I am referring, of course, to the phenomenon known as gravitational waves, which are ripples in space-time propagating from masses in motion. The type of gravitational waves most in discussion at this time are relatively high-amplitude waves hypothesized to be produced by distant, ultra-high-mass phenomena such as merging black holes. But if such relatively high-amplitude waves exist, then one must assume the presence of an entire spectrum of waves. The universe is full of mass in motion, all of it curving space-time, even as its own path is curved by space-time. As there has never been shown to be a maximum range on the effects of gravity, every mass in motion must create ripples, however small, that spread outward as what is presumably the speed of light. And these ripples must constantly interact, from one end of the observable universe to the other, causing a sort-of steady chop.
    So what does this mean for our billiard table? It means that its surface is continually being crossed and recrossed by tiny ripples. Some may be larger and some smaller, but the motion will be constant, but also--because of the incalculable complexity of the dynamics behind it--seemingly random. And how does this effect the balls on the table? Well, let us imagine that the balls are not statistical objects, but actual finite quantities existing in a single universe. Because of the shifting slope of the table (due to the ripples moving through its surface), the balls tend to roll around. They tend to stay more or less in one area, being more likely to be in the middle of that area than at the edges, but they do not stay put. Does this begin to sound familiar?
    Now, let us try to roll a ball across the table. Let us use our imaginary cue to drive the cue ball toward the eight ball. Because of the shifting surface of the table, the cue ball follows a not quite straight path. The perturbations may even out--in fact, they most often almost do--but the cue ball may end up going off course. At the same time, the eight ball may find itself on the edge of a temporary hump in the fabric and roll slightly to the side. The cue ball could conceivably end up missing the eight ball, but if the eight ball rolls back into its previous position, it would appear that the cue ball had somehow passed through it.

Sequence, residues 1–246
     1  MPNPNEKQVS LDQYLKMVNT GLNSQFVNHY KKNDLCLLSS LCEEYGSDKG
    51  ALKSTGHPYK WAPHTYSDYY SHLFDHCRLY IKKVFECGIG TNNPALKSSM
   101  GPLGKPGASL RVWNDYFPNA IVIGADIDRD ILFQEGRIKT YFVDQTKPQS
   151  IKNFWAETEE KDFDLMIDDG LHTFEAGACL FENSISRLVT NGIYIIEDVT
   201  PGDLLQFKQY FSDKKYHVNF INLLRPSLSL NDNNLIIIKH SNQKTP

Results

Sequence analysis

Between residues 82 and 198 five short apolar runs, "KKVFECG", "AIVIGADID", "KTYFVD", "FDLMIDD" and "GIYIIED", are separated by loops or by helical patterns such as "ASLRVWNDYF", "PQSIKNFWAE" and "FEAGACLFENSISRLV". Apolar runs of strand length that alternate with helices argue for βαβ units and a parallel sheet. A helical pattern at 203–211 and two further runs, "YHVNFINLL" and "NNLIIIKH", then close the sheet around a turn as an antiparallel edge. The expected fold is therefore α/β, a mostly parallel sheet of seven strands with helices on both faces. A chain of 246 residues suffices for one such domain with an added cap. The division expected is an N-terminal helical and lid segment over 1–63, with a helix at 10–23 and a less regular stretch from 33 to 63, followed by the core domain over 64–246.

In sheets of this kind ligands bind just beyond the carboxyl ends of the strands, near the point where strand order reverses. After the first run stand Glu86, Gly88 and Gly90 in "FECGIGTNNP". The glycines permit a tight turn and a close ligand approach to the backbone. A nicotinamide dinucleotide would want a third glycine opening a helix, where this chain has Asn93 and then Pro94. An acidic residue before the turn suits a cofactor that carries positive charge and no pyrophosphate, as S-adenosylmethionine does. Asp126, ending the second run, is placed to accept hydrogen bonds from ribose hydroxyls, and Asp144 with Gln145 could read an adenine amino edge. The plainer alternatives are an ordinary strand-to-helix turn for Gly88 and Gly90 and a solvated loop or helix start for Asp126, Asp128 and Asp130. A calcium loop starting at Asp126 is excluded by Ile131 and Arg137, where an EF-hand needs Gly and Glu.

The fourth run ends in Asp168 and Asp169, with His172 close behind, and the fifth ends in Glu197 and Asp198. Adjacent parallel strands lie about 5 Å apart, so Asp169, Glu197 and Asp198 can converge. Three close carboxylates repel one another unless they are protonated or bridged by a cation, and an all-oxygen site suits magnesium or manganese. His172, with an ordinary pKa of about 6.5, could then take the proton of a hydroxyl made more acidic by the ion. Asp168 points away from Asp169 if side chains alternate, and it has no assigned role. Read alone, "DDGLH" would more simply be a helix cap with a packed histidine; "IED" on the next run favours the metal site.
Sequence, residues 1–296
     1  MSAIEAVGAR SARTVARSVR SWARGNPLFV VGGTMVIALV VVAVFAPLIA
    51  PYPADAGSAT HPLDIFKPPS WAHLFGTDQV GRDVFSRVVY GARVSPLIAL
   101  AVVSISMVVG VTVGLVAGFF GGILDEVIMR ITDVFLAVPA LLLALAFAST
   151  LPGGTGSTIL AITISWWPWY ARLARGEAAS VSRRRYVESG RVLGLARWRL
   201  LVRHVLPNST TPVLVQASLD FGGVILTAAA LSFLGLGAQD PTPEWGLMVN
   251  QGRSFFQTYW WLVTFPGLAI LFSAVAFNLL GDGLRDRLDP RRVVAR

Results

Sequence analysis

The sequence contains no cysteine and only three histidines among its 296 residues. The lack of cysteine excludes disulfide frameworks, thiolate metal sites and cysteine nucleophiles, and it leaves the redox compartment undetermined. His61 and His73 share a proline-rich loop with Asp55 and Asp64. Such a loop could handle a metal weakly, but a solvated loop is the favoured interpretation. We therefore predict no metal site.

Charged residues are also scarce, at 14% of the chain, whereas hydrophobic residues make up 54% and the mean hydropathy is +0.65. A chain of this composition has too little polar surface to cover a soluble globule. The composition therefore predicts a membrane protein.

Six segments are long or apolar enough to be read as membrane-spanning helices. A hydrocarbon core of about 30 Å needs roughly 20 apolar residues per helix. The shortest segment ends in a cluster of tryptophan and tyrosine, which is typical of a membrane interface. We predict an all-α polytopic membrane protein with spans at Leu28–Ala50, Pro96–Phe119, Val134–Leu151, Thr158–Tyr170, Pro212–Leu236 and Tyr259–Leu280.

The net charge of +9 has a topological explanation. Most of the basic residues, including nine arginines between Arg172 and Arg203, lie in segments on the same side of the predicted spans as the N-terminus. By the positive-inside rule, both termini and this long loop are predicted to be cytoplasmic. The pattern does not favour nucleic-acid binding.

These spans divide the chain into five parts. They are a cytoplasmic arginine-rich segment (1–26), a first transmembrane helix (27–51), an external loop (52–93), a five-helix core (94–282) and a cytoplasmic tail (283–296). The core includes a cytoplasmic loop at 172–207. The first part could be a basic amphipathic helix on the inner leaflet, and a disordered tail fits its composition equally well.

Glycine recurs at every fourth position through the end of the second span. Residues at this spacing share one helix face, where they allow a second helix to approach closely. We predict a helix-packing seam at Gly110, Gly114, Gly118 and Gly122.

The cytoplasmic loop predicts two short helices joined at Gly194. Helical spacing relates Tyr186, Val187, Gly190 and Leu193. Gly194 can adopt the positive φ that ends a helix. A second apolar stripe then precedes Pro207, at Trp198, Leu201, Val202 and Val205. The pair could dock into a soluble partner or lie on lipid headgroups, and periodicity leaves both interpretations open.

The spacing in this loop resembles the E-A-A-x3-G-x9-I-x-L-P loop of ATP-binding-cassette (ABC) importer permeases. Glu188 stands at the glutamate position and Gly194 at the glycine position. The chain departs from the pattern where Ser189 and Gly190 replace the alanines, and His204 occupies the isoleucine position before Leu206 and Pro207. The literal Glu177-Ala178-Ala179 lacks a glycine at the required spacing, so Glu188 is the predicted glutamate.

Moreover, because of the shifting nature of the surface of the table, it is impossible to construct a single history that explains the current state of the balls. The cue ball could have followed multiple paths based on which configuration of the table's surface one assumes for the time of its passage. The problem is even more complicated because the cue ball's motion is not instantaneous and the table is constantly being reconfigured. Do each of these possible histories represent real alternate billiard tables in alternate universes or are they, as I would suggest, merely a failure to understand where the real complexity of the system is generated--that is, in the unquiet motion of space-time?
    I realize that it is the nature of thought experiments to over-simplify. Tables are two dimensional, whereas space-time is not. However, it is enough for me to suggest that the quasi-random behavior that has been traditionally ascribed to subatomic particles themselves is rather the effect of fluctuations in the space-time they inhabit. These fluctuations are due to processes well-understood by General Relativity and not to any special nature attributable to the particles themselves.
    I would further suggest that although we have failed (so far) to detect gravitational waves in their larger and less common form, it is possible that we observe their effects constantly (though indirectly) in the evidence of quantum dynamics.

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  3. #2  
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    Could you write a short version - maybe about ten lines?

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  4. #3 what you dont understand for my opinion 
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    Aug 2009
    is that the inflation of many world ocare back in time and that faster then the speed of the inflation you mention . thanks and sory for my bad english